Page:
Wikileaks: What if all diplomacy were entirely open?
Do diplomatic negotiations have to be secret? The release of thousands of covert communiques on the Wikileaks website has been an embarrassment to the US, but could diplomacy go the same way as UK parliamentary expenses - and be open to everyone, asks Adrian Henriques.
It seems almost counter-cultural to suggest diplomats' thoughts should be shared. Diplomacy derives from the word "diploma" meaning "official document conferring a privilege". And there's no privilege if something is available to all.
Diplomacy is a means of reflecting national interests. It is the exercise of power. This has been true at least since the Amarna letters from the Middle East written nearly 3,500 years ago, which show remarkably similar appeals for help against enemies to those of the Wikileaks messages.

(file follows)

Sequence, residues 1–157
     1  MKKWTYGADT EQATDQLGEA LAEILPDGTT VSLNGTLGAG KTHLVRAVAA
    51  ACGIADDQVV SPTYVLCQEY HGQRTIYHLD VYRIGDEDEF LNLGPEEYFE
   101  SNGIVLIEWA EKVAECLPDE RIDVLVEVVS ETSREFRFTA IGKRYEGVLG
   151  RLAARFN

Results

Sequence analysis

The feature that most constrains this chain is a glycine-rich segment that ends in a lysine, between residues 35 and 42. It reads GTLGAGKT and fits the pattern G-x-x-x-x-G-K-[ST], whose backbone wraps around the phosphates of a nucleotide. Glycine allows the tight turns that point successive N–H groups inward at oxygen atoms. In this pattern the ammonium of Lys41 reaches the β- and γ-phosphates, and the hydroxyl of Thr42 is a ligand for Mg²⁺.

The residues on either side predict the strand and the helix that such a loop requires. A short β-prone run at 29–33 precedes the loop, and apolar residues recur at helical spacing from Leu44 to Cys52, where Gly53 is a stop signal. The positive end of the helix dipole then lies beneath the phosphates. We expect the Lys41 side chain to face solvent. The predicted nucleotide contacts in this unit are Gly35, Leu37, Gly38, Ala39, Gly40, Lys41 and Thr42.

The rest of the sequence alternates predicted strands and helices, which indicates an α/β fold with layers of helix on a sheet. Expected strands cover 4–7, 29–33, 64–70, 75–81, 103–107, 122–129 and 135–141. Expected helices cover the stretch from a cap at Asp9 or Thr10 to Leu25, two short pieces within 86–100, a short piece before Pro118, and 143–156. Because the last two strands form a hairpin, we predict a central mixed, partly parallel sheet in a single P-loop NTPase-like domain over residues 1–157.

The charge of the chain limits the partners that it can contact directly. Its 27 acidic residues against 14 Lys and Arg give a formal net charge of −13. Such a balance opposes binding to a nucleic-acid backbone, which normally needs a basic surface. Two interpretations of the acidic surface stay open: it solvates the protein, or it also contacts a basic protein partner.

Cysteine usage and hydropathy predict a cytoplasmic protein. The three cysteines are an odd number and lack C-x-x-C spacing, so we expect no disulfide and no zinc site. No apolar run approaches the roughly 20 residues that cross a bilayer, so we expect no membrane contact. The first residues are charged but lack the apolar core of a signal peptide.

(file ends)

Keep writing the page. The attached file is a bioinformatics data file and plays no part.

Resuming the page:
Open communication - or transparency - is a defence against power; a way for the vulnerable to protect themselves.
Yet of course there need to be limits to transparency. One of those is privacy, but we are talking about state secrets here, not those of individuals who might be entitled to privacy.
In general the limit to transparency is reached when it does more harm than good. The US and UK governments are claiming lives will be threatened by the Wikileaks disclosures.
Coffee and cake
If that is true, it will be a failure by Wikileaks, which says it has tried to remove the names of vulnerable individuals from the messages.
But the consensus so far among commentators seems to be that America has been embarrassed, rather than strategically damaged, by this release.
If diplomats are working in "the national interest", they are working in our name. Do we not then have a right to know what they are saying in our name?
Perhaps diplomatic transparency is a good idea in principle, but how should it work in practice?
A real time stream of Twitter-style messages from diplomats could be a disaster of misunderstandings - who would trust the fate of the world to 140 characters?